I liked how von Wedemeyer explored old narratives, both those presented as fact and those presented as fiction, and then layered these stories with stories of his own. After wandering through the first floor of the exhibit, there was a small staircase that led up to a little room with a movie, which was a nine-minute loop. Here again fact and fiction meld, as the anthropologist character in the loop is played by the man who had directed a movie (fictional) based very very loosely on the Tasaday (in his movie they're cannibals, unlike in any other version of "real" life). The film is shot in one of the flats that surrounds the Barbican. Von Wedemeyer plies layer upon layer of narrative into this thick experiential mat into which the spectator is invited to immerse her / himself. And then, ask yourself: what narrative will you add?

I know that, as an anthropologist, it's the kind of exhibit I'm bound to like as I maintain that storytelling in whatever form, however formal or informal, lasting or ephemeral, short or long, is what makes life meaningful. But, I felt like this was the first solid piece of art that I've seen in a long time. I've seen a lot of people desperately trying to be cool, or continuing to make the same stuff they've been making for years, or just being facile, obvious, and dull.

01 August 2009

Sicily, again

We stayed just a little bit too long; and a little bit too long is just the right amount of time.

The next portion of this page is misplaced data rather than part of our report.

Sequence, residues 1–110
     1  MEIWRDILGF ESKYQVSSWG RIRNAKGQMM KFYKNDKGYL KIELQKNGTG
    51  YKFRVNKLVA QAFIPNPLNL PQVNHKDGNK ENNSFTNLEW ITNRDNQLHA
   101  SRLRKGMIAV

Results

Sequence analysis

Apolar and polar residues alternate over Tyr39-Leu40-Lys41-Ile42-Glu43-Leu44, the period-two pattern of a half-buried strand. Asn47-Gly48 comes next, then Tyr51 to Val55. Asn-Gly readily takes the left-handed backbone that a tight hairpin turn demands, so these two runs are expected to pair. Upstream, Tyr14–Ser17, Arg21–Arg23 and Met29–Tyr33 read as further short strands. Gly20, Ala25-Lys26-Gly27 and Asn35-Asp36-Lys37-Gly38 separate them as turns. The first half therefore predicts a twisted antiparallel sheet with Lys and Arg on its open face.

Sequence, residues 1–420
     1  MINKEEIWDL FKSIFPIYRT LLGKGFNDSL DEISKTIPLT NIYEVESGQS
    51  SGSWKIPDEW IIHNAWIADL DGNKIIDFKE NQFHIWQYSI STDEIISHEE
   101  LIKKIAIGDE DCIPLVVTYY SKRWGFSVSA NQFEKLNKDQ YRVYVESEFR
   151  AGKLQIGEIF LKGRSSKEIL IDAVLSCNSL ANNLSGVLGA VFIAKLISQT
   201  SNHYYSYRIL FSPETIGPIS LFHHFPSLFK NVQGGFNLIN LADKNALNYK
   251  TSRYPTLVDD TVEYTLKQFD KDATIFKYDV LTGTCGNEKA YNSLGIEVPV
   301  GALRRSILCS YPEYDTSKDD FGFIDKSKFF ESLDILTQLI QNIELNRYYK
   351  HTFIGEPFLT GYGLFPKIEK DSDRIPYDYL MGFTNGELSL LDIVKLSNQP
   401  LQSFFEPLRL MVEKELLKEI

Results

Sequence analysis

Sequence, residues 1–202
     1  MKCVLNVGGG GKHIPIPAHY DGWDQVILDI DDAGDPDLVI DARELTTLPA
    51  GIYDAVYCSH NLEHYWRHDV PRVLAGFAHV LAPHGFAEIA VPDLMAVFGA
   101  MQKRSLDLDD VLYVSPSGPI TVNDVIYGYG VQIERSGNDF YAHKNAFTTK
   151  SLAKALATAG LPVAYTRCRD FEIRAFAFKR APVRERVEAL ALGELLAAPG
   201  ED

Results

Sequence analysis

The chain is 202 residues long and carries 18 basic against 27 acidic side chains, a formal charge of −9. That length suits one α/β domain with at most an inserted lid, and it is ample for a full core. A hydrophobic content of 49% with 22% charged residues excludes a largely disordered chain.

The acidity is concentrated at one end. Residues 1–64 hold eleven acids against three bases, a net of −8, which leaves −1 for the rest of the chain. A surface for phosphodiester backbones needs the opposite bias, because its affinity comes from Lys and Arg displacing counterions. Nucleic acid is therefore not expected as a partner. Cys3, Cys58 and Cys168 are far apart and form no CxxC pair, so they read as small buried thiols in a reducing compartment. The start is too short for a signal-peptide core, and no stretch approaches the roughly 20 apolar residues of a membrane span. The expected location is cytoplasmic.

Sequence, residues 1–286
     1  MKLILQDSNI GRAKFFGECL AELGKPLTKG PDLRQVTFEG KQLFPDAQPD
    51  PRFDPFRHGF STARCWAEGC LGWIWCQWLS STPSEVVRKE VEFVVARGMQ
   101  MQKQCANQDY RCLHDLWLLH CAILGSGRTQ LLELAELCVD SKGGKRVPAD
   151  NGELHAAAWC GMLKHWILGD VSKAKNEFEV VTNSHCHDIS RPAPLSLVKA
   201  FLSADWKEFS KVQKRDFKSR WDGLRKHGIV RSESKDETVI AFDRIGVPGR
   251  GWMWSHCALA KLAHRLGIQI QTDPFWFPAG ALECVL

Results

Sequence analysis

We stayed long enough to enjoy ourselves, and long enough that we were ready to come back home.

A lot of southwestern Sicily looks like this in summertime:

Sometimes summer in Sicily is known as its winter due to the death of everything by heat; apparently spring and autumn are gorgeous. Also, since there is a lot of poverty there, many people emigrate, but can't bear to sell or maintain their properties, hoping that one day they'll be able to return for good. So the landscape is littered with ruins both ancient and modern.

In the year since I last went to Sicily, and with no intention at all to do so, my palette has mirrored its parched colours:

The amazing thing about Gabi's olive grove is how they have clawed this rich oasis out of a dessicated landscape.

We stayed again at the cottage.

Rog thinks that the fruit and veg they grow are so intense in flavour because of the lack of water. I was only sad that the plums hadn't ripened before we left. I ate one anyway, and it's true, the flavours were intense - sweet and sour and, well, plummy. Gabi's father was telling me that he eats two pink grapefruit a day from the orchard, which ripen from October to May. Both he and Gabi are excellent cooks. They have a somewhat new breed of pig living there, a result of allowing their wild boar to mate with their pigs. And her father makes delicious sausage from them: lean and clean, they are all flavour, undiluted by fat. The salad they grow, on the other hand, has an almost buttery texture, soft yet crisp.